New Jersey Gov. Chris Christie (R) is insisting that his state's tough new Ebola rules haven't changed despite the release of a nurse from quarantine on Monday.
"I didn’t reverse my decision," Christie said in Florida, where he is campaigning on behalf of Gov. Rick Scott (R). "She hadn’t had any symptoms for 24 hours. And she tested negative for Ebola. So there was no reason to keep her."
Kaci Hickox, 33, was quarantined on Friday after traveling to New Jersey from Sierra Leone, where she was treating Ebola patients with Doctors Without Borders. Although she tested negative for the disease, Hickox was placed into isolation, leading to widespread criticism and the threat of a lawsuit.
But Christie said on Monday that Hickox had a fever, was symptomatic after her arrival and needed to be quarantined as a result.
"She was obviously ill enough that the CDC and medical officials hospitalized her and gave her an Ebola test," Christie said in remarks transcribed by The New York Times. "They don’t that just for fun. That’s a very specific, difficult, expensive test to do."
Over the weekend, Hickox said she never had any symptoms.
"I heard from my mother last night who called me concerned and said, Gov. Christie just said in an interview that you were quote-unquote 'obviously ill.' And this is so frustrating to me," Hickox said on Sunday. "First of all, I don’t think he's a doctor. And secondly, he's never laid eyes on me. And thirdly, I have been asymptomatic since I've been here."
On Friday, Christie and New York Gov. Andrew Cuomo (D) announced that all travelers who had direct contact with Ebola patients would be subject to a mandatory 21-day quarantine. The location of the quarantine was not specified.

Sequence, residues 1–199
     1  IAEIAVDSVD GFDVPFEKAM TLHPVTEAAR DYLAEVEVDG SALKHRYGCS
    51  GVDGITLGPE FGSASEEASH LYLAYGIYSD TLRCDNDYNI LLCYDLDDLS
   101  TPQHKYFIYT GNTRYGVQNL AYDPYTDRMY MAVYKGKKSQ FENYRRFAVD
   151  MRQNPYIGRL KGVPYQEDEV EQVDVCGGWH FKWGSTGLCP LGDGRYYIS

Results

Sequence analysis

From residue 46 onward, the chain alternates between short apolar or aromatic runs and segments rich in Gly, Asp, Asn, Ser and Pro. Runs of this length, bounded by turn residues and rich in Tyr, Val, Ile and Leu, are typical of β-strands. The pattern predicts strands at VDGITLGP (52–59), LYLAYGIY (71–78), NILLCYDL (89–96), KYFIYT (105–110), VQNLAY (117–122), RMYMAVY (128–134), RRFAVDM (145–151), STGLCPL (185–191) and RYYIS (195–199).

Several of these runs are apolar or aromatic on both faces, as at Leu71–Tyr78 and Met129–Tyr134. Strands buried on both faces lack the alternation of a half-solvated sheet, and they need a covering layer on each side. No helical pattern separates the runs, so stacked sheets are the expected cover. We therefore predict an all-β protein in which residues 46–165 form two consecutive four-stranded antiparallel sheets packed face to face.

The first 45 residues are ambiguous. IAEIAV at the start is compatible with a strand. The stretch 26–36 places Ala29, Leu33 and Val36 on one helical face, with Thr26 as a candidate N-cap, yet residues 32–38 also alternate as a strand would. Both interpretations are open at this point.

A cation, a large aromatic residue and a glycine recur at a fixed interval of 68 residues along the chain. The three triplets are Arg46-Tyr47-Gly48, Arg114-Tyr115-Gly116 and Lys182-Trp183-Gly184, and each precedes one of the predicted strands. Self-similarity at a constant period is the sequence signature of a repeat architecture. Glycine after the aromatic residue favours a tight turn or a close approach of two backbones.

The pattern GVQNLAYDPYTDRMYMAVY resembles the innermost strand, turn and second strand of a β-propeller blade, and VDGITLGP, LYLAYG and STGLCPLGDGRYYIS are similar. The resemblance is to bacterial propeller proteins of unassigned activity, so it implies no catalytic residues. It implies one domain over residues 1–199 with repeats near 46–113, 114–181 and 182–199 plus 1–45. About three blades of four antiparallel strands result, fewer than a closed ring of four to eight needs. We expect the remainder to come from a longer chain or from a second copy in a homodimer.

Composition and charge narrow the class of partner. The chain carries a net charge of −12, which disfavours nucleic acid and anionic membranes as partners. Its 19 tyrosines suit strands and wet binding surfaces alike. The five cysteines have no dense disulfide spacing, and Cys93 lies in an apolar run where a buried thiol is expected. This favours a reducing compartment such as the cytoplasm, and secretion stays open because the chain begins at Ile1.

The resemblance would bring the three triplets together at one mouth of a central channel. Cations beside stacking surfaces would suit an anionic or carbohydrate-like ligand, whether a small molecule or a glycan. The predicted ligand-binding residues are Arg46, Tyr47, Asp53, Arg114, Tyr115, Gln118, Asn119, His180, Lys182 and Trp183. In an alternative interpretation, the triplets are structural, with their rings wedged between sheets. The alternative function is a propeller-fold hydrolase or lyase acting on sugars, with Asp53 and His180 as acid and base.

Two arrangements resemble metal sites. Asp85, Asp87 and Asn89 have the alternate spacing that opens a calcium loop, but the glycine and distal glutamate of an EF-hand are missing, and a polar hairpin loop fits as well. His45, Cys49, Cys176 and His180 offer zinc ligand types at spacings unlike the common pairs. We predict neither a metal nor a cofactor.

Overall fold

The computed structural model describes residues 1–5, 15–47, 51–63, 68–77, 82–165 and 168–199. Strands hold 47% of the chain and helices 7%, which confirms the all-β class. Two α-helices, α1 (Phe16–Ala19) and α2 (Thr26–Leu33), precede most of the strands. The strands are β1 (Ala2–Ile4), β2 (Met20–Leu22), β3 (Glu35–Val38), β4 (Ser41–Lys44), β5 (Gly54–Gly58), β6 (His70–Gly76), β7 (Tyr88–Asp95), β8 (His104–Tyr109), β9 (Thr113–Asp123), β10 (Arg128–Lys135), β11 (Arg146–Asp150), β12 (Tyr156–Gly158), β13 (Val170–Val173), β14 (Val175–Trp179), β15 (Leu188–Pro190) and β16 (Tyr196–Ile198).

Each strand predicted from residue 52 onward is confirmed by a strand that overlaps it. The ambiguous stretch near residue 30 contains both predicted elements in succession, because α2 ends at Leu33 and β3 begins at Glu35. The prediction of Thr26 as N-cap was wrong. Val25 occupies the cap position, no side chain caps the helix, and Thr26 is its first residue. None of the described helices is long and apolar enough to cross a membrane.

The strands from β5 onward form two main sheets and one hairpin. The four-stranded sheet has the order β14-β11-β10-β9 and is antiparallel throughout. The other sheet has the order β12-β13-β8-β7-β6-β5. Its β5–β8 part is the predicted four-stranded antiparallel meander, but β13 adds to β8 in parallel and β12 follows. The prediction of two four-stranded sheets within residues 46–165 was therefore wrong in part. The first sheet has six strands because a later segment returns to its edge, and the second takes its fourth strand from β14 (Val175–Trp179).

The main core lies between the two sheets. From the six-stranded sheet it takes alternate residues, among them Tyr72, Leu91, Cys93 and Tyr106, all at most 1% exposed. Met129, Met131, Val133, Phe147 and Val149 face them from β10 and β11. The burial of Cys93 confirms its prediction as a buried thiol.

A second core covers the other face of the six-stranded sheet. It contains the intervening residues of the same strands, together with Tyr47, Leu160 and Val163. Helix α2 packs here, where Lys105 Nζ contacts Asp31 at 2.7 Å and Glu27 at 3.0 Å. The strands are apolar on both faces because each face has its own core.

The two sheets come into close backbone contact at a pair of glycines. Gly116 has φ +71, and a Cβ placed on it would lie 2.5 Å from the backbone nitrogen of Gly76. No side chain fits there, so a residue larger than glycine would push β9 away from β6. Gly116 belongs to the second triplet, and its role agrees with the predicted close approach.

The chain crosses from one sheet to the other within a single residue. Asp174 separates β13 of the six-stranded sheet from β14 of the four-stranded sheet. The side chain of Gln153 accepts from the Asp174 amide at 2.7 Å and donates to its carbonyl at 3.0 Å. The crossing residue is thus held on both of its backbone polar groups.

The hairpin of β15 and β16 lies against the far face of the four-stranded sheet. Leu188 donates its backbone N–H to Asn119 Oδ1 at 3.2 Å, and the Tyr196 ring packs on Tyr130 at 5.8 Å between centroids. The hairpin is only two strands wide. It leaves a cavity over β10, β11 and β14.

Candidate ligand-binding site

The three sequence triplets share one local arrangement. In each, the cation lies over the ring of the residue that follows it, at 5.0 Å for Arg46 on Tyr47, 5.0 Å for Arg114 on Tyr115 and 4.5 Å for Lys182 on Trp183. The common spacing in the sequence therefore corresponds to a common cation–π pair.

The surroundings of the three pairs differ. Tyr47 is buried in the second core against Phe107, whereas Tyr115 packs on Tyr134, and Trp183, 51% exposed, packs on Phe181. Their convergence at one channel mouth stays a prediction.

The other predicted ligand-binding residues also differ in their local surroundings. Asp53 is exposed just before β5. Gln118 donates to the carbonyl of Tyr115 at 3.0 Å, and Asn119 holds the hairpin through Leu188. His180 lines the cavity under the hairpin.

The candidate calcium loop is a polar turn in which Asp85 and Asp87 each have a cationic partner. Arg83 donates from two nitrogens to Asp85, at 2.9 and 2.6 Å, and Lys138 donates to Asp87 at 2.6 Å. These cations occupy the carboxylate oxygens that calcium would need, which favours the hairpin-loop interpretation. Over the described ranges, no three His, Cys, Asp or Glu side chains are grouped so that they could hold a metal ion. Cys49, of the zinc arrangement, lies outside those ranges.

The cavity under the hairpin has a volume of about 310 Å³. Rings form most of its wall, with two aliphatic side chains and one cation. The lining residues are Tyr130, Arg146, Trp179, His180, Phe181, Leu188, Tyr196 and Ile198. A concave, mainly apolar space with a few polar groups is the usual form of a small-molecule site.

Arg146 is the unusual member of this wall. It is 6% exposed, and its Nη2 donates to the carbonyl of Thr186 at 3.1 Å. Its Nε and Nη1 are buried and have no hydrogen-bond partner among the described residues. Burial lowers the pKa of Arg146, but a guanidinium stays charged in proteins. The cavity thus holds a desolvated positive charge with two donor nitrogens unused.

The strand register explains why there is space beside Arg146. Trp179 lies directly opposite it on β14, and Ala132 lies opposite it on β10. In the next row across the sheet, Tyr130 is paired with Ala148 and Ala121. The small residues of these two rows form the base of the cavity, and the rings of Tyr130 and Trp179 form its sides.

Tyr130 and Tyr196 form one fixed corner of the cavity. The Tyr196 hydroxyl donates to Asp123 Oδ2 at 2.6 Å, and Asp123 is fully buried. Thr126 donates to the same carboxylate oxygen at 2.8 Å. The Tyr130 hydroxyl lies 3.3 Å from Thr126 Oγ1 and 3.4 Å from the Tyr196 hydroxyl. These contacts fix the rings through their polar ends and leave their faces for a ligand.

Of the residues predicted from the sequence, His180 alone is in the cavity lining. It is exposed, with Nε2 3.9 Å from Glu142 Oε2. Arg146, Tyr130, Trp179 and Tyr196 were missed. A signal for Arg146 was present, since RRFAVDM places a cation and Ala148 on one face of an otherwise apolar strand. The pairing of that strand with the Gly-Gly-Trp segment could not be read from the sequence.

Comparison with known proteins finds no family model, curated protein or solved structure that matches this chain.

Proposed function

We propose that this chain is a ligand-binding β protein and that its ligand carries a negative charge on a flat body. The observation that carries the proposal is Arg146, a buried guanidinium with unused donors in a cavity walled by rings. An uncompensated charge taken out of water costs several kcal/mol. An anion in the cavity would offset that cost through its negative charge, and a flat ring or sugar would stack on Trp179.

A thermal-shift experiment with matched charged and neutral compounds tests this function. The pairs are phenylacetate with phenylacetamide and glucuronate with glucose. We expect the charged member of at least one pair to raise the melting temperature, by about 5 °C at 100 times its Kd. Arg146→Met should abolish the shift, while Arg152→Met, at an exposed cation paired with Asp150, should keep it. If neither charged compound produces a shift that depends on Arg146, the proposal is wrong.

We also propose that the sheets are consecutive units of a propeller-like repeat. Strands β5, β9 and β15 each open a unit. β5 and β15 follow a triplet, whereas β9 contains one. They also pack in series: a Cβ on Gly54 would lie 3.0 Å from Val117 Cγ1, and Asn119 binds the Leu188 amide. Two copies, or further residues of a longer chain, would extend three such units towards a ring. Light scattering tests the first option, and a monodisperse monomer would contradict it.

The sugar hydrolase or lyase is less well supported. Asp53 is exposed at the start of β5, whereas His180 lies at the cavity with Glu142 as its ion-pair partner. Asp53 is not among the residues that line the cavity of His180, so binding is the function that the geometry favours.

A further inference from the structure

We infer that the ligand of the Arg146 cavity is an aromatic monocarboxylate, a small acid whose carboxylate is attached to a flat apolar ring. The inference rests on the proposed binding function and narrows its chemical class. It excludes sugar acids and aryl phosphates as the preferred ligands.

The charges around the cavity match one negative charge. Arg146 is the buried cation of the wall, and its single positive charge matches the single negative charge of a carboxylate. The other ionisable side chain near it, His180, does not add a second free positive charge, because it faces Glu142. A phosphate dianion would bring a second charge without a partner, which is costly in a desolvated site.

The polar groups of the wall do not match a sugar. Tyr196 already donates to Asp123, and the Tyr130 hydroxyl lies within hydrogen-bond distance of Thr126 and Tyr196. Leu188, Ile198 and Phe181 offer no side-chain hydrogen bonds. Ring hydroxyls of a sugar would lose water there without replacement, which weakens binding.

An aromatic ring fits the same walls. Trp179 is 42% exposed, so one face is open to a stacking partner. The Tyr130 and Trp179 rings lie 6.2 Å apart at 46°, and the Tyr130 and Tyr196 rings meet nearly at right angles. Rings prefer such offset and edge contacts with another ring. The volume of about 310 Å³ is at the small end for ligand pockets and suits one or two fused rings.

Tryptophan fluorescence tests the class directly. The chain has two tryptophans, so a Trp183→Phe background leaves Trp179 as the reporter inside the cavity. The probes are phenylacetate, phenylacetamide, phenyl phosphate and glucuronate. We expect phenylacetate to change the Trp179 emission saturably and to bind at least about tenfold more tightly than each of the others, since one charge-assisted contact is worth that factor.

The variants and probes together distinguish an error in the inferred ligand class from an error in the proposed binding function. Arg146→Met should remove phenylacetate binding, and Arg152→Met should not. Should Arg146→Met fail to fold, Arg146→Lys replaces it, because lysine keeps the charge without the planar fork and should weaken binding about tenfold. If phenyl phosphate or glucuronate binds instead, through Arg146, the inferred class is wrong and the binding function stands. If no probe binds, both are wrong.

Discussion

Hickox was the first person quarantined under the new rules, and because she lives in Maine, she was placed in an isolation tent with no shower and a portable toilet at University Hospital in Newark.
Christie said on Monday that if Hickox had been a New Jersey resident, she would still be required to complete a 21-day quarantine at home since she worked with Ebola patients. But because she is symptom-free, she is being allowed to return to her home in Maine.
Gov. Paul LePage said late Monday that he expects Hickox to follow a voluntary in-home quarantine "to ensure there is no direct contact with other Mainers until the period for potential infection has passed." However, her attorney told the Associated Press that she needs to be monitored, but not quarantined.
The new quarantine rules in New York and New Jersey were put in place after Dr. Craig Spencer, who worked with Ebola patients in Africa, was diagnosed with the disease the day after he had been traveling around the city by subway.
Critics say such mandatory quarantines could potentially discourage healthcare workers from traveling to Africa to help end the crisis.
On Sunday, Cuomo clarified that residents without symptoms can complete the quarantine at home.